I don’t know about you-all; but I have written my elected representatives on this advocating for just such as list as I have outlined above.

              (* How did this kid get ahold of the gun safe key? Seriously? That’s the most basic security measure: Control the damned key. My locks are mainly fingerprint sensor locks: No one can open them but me (well, unless someone cuts off my finger). For the others, they are combination (not written down; good luck guessing it) or keyed with the key (singular) which is hidden.)

        2. My government won’t let me keep strychnine or Novichok because of my untrustworthy neighbours. Both articles are useful defensive agents when used appropriately and I would always keep them locked safely until needed. The government seems to be more worried about my neighbour acting irresponsibly than me.

  4. Your analogy is weak. You or your child don’t die from insurance. The purpose of insurance is not homicide. In contrast, a handgun is only suited for killing people, or at the least, practicing to kill, threatening to kill, pretending to kill, or (most often) contemplating to kill.

    I “use” insurance, sure. I have no use for a handgun.

  5. An anniversary from yesterday. I wouldn’t agree that Sgt. Pepper is the Beatles’ best album.

    I saw a discussion on TV once. The question was posed “is Sergeant Pepper” the greatest album of all time?” One of the panelists said “well, it was released in the same year as The Velvet Underground and Nico, so it’s not even the best album of 1967”.

  6. There’s something lame even in the smartest politician and Uncle Joe certainly is mediocre, but the idea that the Dem arrived at the White House without a clear plan for immigration is really discomforting. It’s a difficult situation, but I refuse to think the only solution is either tRump’s madness or the crazy open border to all. And by the way, Major must go to some ranch in the forest…

  7. The White Album remains The Beatles’ best album, and Abbey Road remains their best concept album. That is all.

    1. The White Album has too much flab to be their best album. If they had produced a single disc with the best half of the songs on it, I would agree with you but as things stand, Abbey Road is the best album. My personal choice would be Revolver and number two and Sgt Pepper as number three.

  8. When I opened a small office in rural Southern Oregon over 20 years ago, many concerned people told me I needed a gun to keep me safe. To appease them I knit a Glock from a lovely angora/silk yarn. It has kept me and my employees safe all this time. Our sheriff admired it and gave me a special concealed carry permit for it.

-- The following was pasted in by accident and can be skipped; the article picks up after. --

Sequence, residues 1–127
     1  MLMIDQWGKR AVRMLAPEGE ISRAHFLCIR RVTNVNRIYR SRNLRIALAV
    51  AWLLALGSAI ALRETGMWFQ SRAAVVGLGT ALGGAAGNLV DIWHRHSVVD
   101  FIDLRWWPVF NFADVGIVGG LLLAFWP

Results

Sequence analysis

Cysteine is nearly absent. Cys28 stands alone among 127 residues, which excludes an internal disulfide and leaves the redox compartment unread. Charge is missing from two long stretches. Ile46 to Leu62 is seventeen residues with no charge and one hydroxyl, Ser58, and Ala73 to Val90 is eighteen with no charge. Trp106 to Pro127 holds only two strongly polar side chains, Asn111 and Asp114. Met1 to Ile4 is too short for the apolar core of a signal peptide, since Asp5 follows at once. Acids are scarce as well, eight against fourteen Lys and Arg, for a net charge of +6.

1. Yep. The Grasshopper Mouse (Onychomys) is one bad-ass little rodent. I camp out in the Mojave quite a bit and it’s always a treat to hear that piercing scream. We kept one for a while for a class I was teaching and it was an extremely effective and enthusiastic predator.

  9. Nowadays Sgt. Pepper is routinely demoted in favor of Revolver or Abbey Road. In Rolling Stone’s controversial (I say craven) 2020 “Best Albums of all Time” list Sgt. Pepper has sunk to 24 (right behind the Velvet Underground and Nico and two spots behind The Notorious B.I.G.’s Ready to Die), while Revolver is 11 and Abbey Road is 5 (The Beatles’ highest placement).

    I don’t think this is right, because Sgt. Pepper holds together as an album and concept (rather than a collection of songs, like Revolver) more than anything else by the Beatles. But it was a victim of its own success—when something is instantly acclaimed as a classic, people take it for granted and then get bored or resentful of it. The canon changes not simply because of shifts in taste but also because of contrarian rebellion against “official classics.”

  10. Pepper or the White Album…. at that granular level it becomes a personal, temperamental choice: like strawberry or chocolate ice cream.
    Still, Beatles at the top of the list makes sense in a world that often doesn’t.

  11. People who don’t own guns don’t have “gun problems” and if I learned anything as a (retired) criminal defense attorney in NYC: you don’t want gun problems.

    I often wonder how people who have guns for “self defense” run their interpersonal relationships. I mean: how do you have so many enemies? Something to address before a visit to the gun supermarket / gun store / AR-16 vending machine, etc.

    NYC libtard

Leave a Reply